Hard to bee-lieve
Recent media research shows the pollinator story is not getting enough buzz. Study authors examined pollinator reporting in 25 million news items from six prominent U.S. and global news sources across a couple of decades. “As much as the entomological community is gripped by this impending crisis, it appears the public isn’t paying much attention. It’s not that people are indifferent, it’s just that they don’t even know about it,” says May Berenbaum, a leading expert on pollinator declines, head of University of Illinois Urbana-Champaign entomology department and co-author of the study. The natural products industry, too, has rallied for the bees. Perhaps we could boost our messaging.
Who is making progress on plastic?
Not many, especially among the top beverage companies, quick-service restaurants, CPGs and retailers. As You Sow, a nonprofit focused on shareholder advocacy, last year analyzed company actions and graded them on six pillars businesses could implement to address the plastics crisis. The most progress was evident in pledges to redesign packaging to be reusable, recyclable or compostable, followed by commitments to increase recycled content and actions to support recycling, As You Sow reported. There was notably less leadership in the areas of reusable packaging innovation, data transparency and producer responsibility. As You Sow leaders note that these results indicate companies have a long way to go to transition from single-use plastics to reusable alternatives, take financial responsibility to fix the U.S. recycling system to dramatically increase recycling yields and deliver a more circular plastics economy.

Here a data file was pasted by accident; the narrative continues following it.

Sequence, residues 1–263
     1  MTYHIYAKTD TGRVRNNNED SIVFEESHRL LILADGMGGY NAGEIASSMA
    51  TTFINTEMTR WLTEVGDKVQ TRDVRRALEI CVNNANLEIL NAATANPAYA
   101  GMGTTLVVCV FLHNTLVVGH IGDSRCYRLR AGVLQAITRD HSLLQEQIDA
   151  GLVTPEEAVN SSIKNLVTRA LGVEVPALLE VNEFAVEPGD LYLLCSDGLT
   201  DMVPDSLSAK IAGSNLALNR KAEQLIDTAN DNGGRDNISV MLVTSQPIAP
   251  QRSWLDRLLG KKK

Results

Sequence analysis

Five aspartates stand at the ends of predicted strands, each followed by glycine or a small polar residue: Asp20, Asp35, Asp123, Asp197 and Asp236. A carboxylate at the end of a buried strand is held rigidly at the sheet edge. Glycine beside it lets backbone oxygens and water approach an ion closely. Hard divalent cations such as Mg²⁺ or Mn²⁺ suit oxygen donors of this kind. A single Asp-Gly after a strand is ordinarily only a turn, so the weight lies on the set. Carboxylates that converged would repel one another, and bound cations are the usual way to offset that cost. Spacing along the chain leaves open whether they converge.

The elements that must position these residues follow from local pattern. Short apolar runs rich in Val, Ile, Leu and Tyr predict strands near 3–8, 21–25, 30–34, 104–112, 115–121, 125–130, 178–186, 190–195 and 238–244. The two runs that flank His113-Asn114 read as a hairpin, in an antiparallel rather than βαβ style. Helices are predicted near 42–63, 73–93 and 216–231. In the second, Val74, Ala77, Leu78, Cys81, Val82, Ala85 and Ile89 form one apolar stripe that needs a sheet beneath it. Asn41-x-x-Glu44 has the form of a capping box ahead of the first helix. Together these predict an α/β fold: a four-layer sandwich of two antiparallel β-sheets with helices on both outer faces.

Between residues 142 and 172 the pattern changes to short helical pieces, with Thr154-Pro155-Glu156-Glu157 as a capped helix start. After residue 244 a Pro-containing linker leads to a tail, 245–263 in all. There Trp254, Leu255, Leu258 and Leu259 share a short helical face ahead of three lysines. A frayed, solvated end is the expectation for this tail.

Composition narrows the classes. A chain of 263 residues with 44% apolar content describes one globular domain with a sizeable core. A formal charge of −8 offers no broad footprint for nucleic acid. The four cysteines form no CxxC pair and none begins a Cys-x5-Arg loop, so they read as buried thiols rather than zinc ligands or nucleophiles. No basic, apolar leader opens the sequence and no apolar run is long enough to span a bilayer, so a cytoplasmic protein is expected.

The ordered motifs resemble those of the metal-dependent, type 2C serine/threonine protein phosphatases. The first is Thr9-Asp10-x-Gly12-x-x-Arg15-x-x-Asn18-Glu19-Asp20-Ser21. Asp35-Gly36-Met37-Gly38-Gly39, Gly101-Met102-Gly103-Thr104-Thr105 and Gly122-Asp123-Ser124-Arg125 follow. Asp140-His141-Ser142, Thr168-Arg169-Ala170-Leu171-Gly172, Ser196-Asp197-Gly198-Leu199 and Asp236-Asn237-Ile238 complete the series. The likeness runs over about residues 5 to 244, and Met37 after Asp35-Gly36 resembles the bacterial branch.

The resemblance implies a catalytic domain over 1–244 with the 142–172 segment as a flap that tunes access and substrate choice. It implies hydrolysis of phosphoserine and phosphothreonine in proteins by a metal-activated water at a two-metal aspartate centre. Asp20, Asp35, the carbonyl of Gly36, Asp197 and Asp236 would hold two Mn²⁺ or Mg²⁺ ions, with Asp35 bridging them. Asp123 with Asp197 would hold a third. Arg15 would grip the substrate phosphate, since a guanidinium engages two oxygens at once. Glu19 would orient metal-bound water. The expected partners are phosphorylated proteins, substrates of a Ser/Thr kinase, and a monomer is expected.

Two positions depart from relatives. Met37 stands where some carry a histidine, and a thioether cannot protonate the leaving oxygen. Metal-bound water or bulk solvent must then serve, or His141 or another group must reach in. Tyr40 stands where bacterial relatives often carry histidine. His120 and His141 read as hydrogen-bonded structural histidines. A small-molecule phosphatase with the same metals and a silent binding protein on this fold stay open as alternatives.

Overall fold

Give me a ‘V’
The now iconic V mark turned 20 in December. Three University of California college students launched the Certified Vegan stamp two decades ago to help vegan shoppers identify products that do not contain animal ingredients and are not tested on animals. Today, 200 brands and more than 10,000 products carry the Certified Vegan logo.
Look who’s in the supplement aisle now
WW (formerly known as Weight Watchers) has made the leap from the grocery freezer case to the nutrition aisle with its partnership with The Vitamin Shoppe. The pair teamed up in January to launch co-branded supplements, snacks and protein boosters. WW memberships will be sold at Vitamin Shoppe stores, too. Sharon Leite, CEO of The Vitamin Shoppe, said via press release that the partnership taps the trend for customers prioritizing health while also seeking trusted products and services.
The board soured on science
So, the newest U.S. health guidelines do not reduce recommended sugar and alcohol intake as advised. The new dietary guidelines released in December keep current recommendations that calories from sugar do not exceed 10% of daily calorie intake (Americans average 13%) and men limit alcoholic beverages to two a day. The scientific advisory committee had suggested a 6% limit for sugar and one alcoholic drink a day cap for men. Advisers pointed to research linking sugar to obesity and health problems such as heart disease and alcohol use to a higher risk of death. While the government might not want to look at sugar use, American say reducing use is among their top health goals. Alcohol, well, COVID-19 changed the course of the lo-to-no movement.